In May 2013 one of the most profoundly influential books of the late twentieth and early twenty-first century will be released in its fifth edition. Yet, it is not unreasonable to speculate that this newest edition will pass largely unnoticed, even as new diagnoses (and the loss of current ones) seep into the everyday. The fifth edition of the Diagnostic and Statistical Manual of Mental Disorders (DSM-V) will undoubtedly be influential in education - defining and re-defining student maladies.
Its list of extensive categories provides, so it is argued, a means to uniformly identify mental disorders. Applied in educational contexts, children and young people can thus be categorised by clinical experts, and teachers able to identify an individual's problems, and in theory, respond appropriately.
Criticism of the DSM includes debate over its application in cross-cultural contexts as well as the ways that socio-economic differences are, to put it bluntly, diagnosed differently. Although these issues of diagnosis do get attention, historical contexts can remain bereft in commentary.
In this paper I consider the value that historical perspectives can bring to an analysis of the contemporary effects of DSM-inspired readings of education and disadvantage. The paper draws on research on imagining university conducted with young people experiencing disadvantage and who had precarious relationships with education. In these excluded contexts, young people are far more likely to come into contact with diagnostic repertoires that originate from the DSM.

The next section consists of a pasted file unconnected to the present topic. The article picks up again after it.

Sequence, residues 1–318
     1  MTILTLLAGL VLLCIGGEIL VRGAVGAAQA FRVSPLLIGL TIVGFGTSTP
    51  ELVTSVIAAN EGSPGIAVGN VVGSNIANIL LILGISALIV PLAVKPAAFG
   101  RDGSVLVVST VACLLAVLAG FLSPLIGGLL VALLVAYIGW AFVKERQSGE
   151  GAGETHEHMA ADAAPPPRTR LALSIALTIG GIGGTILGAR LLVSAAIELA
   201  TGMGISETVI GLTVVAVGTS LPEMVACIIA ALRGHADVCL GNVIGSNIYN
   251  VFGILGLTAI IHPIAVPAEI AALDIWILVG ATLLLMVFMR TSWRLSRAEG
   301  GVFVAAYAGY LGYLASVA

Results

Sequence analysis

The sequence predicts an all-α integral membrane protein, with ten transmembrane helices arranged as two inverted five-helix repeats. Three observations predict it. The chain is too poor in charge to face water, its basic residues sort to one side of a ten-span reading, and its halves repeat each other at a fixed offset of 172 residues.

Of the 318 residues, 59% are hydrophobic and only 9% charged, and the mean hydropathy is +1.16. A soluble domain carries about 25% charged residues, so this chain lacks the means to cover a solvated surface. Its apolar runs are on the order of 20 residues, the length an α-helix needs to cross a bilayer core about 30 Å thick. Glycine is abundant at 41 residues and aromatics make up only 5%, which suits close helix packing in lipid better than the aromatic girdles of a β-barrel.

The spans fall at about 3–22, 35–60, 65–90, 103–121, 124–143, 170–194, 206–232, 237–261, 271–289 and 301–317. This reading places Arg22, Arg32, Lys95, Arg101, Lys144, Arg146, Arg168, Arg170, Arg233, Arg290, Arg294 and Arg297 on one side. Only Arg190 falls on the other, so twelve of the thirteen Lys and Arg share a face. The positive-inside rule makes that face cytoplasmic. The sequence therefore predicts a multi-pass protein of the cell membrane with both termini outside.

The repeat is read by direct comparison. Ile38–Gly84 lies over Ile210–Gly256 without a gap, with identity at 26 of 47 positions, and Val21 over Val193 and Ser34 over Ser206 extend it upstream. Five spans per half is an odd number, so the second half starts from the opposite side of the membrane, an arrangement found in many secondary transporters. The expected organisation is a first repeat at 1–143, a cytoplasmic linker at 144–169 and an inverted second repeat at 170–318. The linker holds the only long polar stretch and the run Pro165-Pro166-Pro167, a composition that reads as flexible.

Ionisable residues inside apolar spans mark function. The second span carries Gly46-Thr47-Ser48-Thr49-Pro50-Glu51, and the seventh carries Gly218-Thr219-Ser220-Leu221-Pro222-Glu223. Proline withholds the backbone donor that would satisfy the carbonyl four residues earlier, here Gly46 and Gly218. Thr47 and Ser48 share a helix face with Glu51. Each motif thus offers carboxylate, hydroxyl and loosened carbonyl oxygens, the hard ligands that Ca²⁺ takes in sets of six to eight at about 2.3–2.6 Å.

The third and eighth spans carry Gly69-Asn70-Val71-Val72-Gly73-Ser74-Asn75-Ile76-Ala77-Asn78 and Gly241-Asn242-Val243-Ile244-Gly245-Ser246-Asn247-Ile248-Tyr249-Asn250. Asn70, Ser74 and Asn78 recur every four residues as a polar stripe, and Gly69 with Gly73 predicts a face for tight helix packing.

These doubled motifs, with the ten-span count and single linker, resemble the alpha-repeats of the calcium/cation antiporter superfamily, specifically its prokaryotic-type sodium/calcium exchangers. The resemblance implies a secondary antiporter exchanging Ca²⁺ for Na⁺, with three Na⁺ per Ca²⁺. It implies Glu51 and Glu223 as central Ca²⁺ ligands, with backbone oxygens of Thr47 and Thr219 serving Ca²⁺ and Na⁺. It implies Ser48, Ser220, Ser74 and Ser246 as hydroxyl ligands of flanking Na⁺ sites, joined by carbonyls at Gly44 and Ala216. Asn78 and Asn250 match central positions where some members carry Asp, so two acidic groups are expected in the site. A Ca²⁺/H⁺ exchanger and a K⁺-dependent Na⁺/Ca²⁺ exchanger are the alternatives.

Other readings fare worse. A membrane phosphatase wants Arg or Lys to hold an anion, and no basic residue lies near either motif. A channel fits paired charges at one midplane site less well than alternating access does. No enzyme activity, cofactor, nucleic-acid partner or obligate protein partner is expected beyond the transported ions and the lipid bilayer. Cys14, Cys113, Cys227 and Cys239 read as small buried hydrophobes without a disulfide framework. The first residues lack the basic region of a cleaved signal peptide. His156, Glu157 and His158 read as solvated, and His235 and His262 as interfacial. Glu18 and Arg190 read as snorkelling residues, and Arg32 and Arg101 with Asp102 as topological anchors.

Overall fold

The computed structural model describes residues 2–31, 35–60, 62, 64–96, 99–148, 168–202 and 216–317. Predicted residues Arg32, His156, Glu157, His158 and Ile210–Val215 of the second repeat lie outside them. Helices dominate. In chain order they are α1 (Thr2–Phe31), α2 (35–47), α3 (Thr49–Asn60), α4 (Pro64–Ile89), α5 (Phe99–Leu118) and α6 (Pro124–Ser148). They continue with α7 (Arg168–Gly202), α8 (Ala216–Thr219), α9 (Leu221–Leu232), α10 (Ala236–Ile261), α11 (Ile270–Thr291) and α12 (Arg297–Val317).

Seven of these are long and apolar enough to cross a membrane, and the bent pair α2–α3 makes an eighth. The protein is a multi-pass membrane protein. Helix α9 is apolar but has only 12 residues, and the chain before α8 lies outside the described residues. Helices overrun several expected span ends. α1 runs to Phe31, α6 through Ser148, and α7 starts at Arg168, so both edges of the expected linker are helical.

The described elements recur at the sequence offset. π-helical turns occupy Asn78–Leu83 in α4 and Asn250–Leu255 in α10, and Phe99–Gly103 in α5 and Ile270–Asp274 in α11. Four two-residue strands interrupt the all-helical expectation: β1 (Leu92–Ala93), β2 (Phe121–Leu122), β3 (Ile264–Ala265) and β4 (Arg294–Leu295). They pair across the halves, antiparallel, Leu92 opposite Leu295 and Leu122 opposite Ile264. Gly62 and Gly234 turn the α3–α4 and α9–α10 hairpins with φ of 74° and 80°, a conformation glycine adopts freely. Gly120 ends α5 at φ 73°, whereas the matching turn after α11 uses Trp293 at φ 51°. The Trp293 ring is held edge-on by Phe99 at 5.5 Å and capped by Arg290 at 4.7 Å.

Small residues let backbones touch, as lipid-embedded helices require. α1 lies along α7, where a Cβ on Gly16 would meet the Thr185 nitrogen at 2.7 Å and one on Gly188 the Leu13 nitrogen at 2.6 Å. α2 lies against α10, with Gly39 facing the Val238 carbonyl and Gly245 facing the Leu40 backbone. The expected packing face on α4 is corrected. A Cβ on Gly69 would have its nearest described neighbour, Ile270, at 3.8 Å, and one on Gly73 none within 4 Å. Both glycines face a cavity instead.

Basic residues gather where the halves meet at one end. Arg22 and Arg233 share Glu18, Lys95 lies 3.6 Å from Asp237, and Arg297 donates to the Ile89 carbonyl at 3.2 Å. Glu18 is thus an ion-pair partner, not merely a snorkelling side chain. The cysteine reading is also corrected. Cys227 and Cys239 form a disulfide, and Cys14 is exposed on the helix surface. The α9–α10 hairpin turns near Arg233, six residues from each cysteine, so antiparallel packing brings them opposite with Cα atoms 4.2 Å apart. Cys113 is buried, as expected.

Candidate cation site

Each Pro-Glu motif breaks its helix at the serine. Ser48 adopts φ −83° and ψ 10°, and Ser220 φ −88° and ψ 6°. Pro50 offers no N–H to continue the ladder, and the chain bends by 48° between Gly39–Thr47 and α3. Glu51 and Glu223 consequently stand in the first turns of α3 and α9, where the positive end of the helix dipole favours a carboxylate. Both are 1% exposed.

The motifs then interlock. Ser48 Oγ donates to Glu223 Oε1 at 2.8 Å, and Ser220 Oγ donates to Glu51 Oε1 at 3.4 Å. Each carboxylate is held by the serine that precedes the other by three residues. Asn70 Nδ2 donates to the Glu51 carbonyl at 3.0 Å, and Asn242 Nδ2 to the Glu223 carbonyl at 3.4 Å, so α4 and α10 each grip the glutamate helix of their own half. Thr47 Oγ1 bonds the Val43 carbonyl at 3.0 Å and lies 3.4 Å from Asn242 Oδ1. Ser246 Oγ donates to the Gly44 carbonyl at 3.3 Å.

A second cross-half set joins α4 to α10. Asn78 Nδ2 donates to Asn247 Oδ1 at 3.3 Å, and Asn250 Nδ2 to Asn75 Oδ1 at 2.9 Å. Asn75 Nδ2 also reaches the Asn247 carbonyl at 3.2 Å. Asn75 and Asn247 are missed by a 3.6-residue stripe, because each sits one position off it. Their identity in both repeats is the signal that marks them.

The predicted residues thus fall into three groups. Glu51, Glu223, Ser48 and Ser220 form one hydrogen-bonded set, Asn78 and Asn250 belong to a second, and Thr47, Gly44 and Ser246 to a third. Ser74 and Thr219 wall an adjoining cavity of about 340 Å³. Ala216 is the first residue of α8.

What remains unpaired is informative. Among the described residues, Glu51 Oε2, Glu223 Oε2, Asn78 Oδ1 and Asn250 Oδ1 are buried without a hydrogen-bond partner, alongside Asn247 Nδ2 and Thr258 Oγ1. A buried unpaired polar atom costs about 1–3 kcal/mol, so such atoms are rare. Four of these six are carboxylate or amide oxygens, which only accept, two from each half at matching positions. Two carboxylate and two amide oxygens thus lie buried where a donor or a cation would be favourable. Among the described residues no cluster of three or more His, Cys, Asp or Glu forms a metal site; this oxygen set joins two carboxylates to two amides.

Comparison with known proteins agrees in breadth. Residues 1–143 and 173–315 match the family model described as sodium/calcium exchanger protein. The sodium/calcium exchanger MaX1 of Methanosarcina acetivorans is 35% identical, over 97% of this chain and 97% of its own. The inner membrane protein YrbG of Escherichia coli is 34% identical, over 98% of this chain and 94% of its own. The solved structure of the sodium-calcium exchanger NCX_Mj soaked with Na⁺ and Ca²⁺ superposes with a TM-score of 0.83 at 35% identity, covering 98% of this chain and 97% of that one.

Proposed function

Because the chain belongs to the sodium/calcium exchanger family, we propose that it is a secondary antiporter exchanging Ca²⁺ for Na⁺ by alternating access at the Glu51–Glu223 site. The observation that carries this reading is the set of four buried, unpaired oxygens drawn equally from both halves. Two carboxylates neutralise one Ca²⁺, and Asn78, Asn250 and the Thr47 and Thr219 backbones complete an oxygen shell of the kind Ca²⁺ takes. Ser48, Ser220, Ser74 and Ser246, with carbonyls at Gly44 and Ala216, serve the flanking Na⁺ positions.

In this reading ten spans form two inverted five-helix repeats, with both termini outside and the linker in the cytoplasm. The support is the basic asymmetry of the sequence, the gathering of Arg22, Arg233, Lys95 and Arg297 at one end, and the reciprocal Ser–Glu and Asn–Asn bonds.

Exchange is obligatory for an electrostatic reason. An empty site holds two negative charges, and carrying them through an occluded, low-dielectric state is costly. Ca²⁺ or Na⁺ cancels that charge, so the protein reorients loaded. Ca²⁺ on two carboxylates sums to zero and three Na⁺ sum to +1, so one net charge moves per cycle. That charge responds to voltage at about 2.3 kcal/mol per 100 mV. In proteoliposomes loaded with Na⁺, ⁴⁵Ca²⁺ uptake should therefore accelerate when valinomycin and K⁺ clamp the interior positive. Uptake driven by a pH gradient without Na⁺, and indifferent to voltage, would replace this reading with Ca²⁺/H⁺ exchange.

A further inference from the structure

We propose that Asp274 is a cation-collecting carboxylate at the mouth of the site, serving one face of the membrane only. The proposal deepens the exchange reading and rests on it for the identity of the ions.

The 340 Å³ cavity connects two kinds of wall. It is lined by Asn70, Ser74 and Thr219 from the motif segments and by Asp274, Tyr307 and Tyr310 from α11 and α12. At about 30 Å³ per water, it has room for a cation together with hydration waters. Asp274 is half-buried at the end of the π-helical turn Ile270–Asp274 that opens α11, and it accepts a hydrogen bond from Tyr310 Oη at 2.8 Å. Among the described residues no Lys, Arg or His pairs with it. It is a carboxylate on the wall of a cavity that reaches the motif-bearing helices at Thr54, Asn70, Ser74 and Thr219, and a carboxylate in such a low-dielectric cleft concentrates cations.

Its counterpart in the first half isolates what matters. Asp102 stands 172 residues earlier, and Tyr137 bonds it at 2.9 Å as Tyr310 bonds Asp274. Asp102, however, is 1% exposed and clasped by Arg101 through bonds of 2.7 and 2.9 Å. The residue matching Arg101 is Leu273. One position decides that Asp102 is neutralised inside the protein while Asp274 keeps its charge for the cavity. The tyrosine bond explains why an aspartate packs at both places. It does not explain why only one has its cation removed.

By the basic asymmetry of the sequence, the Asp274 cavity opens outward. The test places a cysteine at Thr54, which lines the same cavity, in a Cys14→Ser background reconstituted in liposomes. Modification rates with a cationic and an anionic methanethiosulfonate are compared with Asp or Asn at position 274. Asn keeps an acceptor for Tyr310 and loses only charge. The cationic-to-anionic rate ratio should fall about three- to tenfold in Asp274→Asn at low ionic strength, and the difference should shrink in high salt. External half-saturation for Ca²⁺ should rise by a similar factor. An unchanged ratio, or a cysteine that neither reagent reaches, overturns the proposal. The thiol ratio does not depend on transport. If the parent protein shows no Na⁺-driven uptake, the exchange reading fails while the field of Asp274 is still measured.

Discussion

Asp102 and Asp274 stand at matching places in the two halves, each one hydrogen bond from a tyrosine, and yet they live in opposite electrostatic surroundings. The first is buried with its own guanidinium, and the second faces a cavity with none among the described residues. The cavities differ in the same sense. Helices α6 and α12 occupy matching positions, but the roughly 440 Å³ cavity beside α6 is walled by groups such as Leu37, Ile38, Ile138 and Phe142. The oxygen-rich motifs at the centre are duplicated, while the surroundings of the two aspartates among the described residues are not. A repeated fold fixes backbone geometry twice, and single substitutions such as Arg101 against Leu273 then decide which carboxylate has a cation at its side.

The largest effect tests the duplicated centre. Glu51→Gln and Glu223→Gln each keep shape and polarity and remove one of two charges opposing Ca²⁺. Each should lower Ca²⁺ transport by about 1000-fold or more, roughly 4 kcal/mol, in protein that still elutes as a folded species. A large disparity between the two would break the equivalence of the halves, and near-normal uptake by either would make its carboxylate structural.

Drawing on Georges Canguilhem's work on historical epistemology, this paper will discuss how attention to both the historical contexts of the young people's communities together with awareness of the history of concepts are important to understanding the educational disadvantages that impact a young person's imaginings of university.